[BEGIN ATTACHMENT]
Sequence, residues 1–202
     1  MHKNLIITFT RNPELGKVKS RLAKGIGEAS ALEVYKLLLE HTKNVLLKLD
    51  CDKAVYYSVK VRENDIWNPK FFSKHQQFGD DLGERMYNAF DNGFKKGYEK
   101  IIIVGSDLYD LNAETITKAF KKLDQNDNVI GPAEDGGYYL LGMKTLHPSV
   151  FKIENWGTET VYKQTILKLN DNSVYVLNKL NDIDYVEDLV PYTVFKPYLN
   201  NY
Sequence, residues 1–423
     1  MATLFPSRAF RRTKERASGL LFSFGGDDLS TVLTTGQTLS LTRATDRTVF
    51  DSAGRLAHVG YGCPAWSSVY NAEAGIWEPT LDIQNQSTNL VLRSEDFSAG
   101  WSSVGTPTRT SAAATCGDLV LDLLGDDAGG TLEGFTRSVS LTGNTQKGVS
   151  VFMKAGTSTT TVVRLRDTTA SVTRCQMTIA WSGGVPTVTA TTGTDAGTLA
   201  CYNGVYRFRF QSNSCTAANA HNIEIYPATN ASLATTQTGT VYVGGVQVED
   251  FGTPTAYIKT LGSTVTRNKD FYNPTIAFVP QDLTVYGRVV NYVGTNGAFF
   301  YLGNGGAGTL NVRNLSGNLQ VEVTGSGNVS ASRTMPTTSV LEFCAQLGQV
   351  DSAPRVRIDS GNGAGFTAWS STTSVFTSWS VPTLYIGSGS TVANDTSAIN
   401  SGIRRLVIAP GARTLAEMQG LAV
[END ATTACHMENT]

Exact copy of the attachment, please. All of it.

Sequence, residues 1–202
     1  MHKNLIITFT RNPELGKVKS RLAKGIGEAS ALEVYKLLLE HTKNVLLKLD
    51  CDKAVYYSVK VRENDIWNPK FFSKHQQFGD DLGERMYNAF DNGFKKGYEK
   101  IIIVGSDLYD LNAETITKAF KKLDQNDNVI GPAEDGGYYL LGMKTLHPSV
   151  FKIENWGTET VYKQTILKLN DNSVYVLNKL NDIDYVEDLV PYTVFKPYLN
   201  NY
Sequence, residues 1–423
     1  MATLFPSRAF RRTKERASGL LFSFGGDDLS TVLTTGQTLS LTRATDRTVF
    51  DSAGRLAHVG YGCPAWSSVY NAEAGIWEPT LDIQNQSTNL VLRSEDFSAG
   101  WSSVGTPTRT SAAATCGDLV LDLLGDDAGG TLEGFTRSVS LTGNTQKGVS
   151  VFMKAGTSTT TVVRLRDTTA SVTRCQMTIA WSGGVPTVTA TTGTDAGTLA
   201  CYNGVYRFRF QSNSCTAANA HNIEIYPATN ASLATTQTGT VYVGGVQVED
   251  FGTPTAYIKT LGSTVTRNKD FYNPTIAFVP QDLTVYGRVV NYVGTNGAFF
   301  YLGNGGAGTL NVRNLSGNLQ VEVTGSGNVS ASRTMPTTSV LEFCAQLGQV
   351  DSAPRVRIDS GNGAGFTAWS STTSVFTSWS VPTLYIGSGS TVANDTSAIN
   401  SGIRRLVIAP GARTLAEMQG LAV